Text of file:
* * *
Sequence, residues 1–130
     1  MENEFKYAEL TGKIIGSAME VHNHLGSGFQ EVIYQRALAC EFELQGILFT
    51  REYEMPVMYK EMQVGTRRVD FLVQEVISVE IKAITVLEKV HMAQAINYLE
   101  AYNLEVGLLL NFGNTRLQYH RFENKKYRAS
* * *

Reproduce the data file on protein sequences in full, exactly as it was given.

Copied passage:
Sequence, residues 1–130
     1  MENEFKYAEL TGKIIGSAME VHNHLGSGFQ EVIYQRALAC EFELQGILFT
    51  REYEMPVMYK EMQVGTRRVD FLVQEVISVE IKAITVLEKV HMAQAINYLE
   101  AYNLEVGLLL NFGNTRLQYH RFENKKYRAS